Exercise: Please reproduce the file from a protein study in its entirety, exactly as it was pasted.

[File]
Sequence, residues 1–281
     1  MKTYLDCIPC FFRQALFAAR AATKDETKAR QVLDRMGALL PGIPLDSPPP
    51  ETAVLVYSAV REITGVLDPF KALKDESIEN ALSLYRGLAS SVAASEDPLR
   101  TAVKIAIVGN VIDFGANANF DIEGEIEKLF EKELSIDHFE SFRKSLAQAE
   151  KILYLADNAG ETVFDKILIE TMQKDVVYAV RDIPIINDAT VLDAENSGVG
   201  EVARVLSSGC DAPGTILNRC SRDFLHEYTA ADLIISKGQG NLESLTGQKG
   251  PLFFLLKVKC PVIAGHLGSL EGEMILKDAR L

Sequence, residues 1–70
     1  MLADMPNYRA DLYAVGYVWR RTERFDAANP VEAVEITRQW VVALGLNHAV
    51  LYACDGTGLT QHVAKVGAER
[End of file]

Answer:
Sequence, residues 1–281
     1  MKTYLDCIPC FFRQALFAAR AATKDETKAR QVLDRMGALL PGIPLDSPPP
    51  ETAVLVYSAV REITGVLDPF KALKDESIEN ALSLYRGLAS SVAASEDPLR
   101  TAVKIAIVGN VIDFGANANF DIEGEIEKLF EKELSIDHFE SFRKSLAQAE
   151  KILYLADNAG ETVFDKILIE TMQKDVVYAV RDIPIINDAT VLDAENSGVG
   201  EVARVLSSGC DAPGTILNRC SRDFLHEYTA ADLIISKGQG NLESLTGQKG
   251  PLFFLLKVKC PVIAGHLGSL EGEMILKDAR L

Sequence, residues 1–70
     1  MLADMPNYRA DLYAVGYVWR RTERFDAANP VEAVEITRQW VVALGLNHAV
    51  LYACDGTGLT QHVAKVGAER